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Arsenal revival driven by grit as well as guile

By AFP   |   18 October 2016   |   11:21 am
Arsenal's English midfielder Theo Walcott (L) celebrates with Arsenal's German defender Shkodran Mustafi (2nd L) Arsenal's Chilean striker Alexis Sanchez (2nd R) and Arsenal's Swiss midfielder Granit Xhaka (R) after scoring their second goal during the English Premier League football match between Arsenal and Swansea City at the Emirates Stadium in London on October 15, 2016.  Arsenal won the game 3-2. / AFP PHOTO / Justin TALLIS

Arsenal’s English midfielder Theo Walcott (L) celebrates with Arsenal’s German defender Shkodran Mustafi (2nd L) Arsenal’s Chilean striker Alexis Sanchez (2nd R) and Arsenal’s Swiss midfielder Granit Xhaka (R) after scoring their second goal during the English Premier League football match between Arsenal and Swansea City at the Emirates Stadium in London on October 15, 2016.<br />Arsenal won the game 3-2. / AFP PHOTO / Justin TALLIS

After crumbling at the first sign of pressure far too often in recent years, Arsenal are finally showing signs of developing a steely spine and Theo Walcott is the unlikely standard bearer.

Arsene Wenger’s side have been guilty of squandering numerous chances to mount Premier League title challenges and go deep into the Champions League due in a large part to a woeful lack of backbone.

Yet Saturday’s 3-2 win over Swansea at the Emirates Stadium was the latest sign of a more resolute nature taking hold among Wenger’s squad.

With Bulgarian minnows Ludogorets visiting north London on Wednesday, Arsenal have an opportunity to show their attacking talents, but it was the way they dug deep to see off Swansea that was more encouraging for Gunners winger Walcott.

Walcott scored twice in the first half against Swansea before Mesut Ozil’s goal put them 3-1 ahead in the 57th minute.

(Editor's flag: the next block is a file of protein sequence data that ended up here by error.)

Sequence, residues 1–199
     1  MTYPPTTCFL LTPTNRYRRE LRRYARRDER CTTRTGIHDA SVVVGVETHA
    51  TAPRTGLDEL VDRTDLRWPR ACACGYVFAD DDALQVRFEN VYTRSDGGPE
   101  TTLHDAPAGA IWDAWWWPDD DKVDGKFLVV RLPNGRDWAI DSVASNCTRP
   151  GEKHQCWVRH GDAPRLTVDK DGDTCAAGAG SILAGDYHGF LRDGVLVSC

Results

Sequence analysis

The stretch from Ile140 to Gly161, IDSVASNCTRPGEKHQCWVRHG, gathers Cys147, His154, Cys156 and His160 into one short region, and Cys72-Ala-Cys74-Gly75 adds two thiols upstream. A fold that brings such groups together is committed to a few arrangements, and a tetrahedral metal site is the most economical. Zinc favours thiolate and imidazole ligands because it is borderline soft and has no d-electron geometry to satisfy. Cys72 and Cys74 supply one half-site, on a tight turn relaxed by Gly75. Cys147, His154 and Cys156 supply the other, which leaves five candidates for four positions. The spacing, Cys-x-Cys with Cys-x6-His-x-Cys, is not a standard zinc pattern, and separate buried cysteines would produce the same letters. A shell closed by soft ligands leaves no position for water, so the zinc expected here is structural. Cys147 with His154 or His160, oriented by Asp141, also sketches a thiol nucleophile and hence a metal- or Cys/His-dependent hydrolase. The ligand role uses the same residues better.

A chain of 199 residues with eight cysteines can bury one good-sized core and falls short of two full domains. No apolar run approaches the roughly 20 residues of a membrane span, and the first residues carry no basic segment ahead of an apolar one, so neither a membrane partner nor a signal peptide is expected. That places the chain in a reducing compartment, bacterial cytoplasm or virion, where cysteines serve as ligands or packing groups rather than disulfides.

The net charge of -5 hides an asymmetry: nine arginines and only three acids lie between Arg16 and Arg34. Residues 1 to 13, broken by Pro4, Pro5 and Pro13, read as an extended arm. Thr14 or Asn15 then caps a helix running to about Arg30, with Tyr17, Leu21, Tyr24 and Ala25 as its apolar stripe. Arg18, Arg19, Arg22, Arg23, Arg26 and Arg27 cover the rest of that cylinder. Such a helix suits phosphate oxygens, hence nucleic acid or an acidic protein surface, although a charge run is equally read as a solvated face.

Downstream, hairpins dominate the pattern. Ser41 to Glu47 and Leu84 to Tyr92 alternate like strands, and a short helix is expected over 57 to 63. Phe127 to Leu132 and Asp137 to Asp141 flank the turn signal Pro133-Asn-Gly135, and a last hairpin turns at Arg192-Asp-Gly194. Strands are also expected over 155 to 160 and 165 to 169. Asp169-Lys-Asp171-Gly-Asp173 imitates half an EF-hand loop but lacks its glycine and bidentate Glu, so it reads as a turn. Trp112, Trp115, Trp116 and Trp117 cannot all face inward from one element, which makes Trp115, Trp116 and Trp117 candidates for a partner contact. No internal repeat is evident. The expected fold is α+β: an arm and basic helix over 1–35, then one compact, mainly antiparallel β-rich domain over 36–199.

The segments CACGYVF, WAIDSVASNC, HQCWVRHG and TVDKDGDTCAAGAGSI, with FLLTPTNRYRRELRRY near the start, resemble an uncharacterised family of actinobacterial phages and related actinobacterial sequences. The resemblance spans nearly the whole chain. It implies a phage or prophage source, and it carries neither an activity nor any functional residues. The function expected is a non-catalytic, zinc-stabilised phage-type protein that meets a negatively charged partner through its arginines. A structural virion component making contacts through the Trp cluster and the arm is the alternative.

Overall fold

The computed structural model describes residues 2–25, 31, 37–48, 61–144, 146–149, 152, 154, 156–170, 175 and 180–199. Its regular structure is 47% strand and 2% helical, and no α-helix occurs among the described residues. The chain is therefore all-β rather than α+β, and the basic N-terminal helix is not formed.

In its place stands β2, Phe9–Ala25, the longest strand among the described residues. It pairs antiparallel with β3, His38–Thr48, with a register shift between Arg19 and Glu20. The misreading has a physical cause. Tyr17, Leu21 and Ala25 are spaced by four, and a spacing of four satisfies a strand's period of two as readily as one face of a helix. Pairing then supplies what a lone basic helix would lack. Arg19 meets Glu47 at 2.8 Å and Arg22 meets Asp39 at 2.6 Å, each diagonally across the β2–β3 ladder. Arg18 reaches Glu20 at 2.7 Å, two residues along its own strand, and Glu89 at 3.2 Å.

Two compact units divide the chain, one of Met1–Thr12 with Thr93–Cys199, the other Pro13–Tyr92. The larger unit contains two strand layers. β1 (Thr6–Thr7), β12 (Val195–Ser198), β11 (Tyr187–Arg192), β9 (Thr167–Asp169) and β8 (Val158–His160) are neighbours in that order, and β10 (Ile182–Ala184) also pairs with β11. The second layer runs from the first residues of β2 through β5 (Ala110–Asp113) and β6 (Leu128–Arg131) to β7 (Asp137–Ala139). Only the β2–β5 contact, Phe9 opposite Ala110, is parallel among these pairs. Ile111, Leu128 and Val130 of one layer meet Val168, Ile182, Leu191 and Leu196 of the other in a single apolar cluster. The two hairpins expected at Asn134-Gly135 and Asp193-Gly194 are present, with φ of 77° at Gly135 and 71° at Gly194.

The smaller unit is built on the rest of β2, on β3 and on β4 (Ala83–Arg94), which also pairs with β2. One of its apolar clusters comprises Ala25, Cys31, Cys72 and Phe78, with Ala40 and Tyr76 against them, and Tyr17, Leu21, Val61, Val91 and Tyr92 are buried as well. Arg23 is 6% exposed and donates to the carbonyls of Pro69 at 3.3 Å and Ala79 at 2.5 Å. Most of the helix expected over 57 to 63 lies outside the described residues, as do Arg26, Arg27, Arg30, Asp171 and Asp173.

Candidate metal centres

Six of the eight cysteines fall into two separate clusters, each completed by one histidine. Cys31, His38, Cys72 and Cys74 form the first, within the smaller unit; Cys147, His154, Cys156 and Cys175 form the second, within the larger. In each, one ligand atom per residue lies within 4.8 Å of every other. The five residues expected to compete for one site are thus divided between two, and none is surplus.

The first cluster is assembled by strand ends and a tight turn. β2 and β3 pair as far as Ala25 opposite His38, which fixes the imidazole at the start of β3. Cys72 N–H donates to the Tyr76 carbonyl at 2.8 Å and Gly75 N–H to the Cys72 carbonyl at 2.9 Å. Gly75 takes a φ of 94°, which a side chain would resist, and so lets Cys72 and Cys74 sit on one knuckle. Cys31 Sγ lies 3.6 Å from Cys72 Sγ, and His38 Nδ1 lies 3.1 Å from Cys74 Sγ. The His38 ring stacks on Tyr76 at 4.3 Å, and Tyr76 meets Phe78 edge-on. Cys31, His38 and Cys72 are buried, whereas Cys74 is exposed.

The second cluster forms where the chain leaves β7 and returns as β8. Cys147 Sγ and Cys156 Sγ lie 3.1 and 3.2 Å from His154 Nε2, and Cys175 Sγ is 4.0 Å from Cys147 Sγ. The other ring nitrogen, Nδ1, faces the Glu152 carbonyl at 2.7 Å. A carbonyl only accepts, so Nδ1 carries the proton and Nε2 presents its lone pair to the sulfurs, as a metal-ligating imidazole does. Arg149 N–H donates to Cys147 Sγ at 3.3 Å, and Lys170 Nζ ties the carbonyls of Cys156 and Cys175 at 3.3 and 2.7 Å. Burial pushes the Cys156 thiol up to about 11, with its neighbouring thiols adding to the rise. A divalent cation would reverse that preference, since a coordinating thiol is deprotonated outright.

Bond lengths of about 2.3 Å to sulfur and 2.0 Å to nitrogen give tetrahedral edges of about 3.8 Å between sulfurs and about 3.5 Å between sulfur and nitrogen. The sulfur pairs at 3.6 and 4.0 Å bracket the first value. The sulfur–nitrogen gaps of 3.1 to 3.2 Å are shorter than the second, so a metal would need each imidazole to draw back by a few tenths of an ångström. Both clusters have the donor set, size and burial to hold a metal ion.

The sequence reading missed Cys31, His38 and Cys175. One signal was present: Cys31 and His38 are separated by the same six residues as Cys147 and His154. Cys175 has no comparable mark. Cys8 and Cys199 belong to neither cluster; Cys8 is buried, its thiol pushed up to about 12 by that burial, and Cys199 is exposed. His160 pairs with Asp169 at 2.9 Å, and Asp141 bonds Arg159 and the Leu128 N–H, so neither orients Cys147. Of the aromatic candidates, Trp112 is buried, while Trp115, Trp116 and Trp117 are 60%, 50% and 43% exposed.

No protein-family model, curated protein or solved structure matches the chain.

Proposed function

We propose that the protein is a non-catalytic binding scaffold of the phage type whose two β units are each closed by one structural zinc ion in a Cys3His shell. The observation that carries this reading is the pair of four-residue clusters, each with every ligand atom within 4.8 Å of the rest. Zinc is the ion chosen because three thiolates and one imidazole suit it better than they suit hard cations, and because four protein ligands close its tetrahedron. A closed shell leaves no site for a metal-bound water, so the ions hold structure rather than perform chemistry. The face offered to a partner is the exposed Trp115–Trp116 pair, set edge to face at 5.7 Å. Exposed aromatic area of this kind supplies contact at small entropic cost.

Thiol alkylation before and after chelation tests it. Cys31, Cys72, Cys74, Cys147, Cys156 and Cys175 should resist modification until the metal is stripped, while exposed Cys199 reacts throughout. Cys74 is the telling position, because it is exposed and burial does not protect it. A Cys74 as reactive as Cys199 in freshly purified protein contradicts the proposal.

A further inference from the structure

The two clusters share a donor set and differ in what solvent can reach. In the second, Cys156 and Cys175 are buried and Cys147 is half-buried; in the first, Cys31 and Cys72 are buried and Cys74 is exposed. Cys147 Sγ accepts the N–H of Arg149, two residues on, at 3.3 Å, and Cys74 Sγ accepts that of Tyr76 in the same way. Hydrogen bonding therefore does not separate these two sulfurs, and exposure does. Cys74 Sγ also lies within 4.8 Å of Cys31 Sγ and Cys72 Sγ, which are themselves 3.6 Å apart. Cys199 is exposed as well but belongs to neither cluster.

However, Swansea reduced the deficit and Arsenal midfielder Granit Xhaka was sent off moments later to leave the hosts forced to play the last 20 minutes with 10 men.

It was the kind of perilous situation that may well have induced a fatal wobble from Arsenal in the past, but Wenger’s men battened down the hatches and, with Walcott working tireless along across the forward line, they managed to hold on for a victory that moved them level on points with leaders Manchester City.

Since the glory days of Wenger’s 2003-04 ‘Invincibles’, who won the Premier League without losing a single match, the ability to produce that kind of gritty performance has been missing from Arsenal’s mental make-up.

– Matured –
But Walcott, in the past a fragile underachiever himself, feels the Swansea result and a late win at Burnley in their previous match, provide proof the current group has matured and is ready to challenge for honours.

Asked if Arsenal now had a new mentality, Walcott said: “The Burnley game, they were very well organised and we found it very difficult. But we all stuck in, showed patience and in time we got the win which was really important.

“Again against Swansea, we had to be diligent, be patient at times… but we still got the win even if it would have been nice to take the ball home on a personal note. But that’s not the case.

“The Burnley match was a game where we had to grind it out. This game, when we went down to 10 men, we tend to lose, to be honest. There’s some things that are slowly getting better.

“I don’t look at the table. I genuinely don’t. I feel all we can do is control ourselves and not really hope that other teams get results on our behalf. We can only control ourselves, if we play well we win games and that’s all we can do.

“We’ve been in this situation (top of the table) before. We started off this season before than we have recently. There’s always some sort of blip but hopefully we’re not going to have that this year.

“With the squad we have, if we keep players fit, with players coming back, then who knows… You can’t really call the Premier League this year. It’s so unpredictable.”

Walcott is now just eight away from a century of goals for the Gunners, but he would gladly sacrifice personal glory for team success.

“It would be nice to reach 100 goals, obviously,” he said. “It’s a long season ahead. I’d be very disappointed if I don’t make that

“But then again I’d rather the team performs and we win something rather than a personal goal.”




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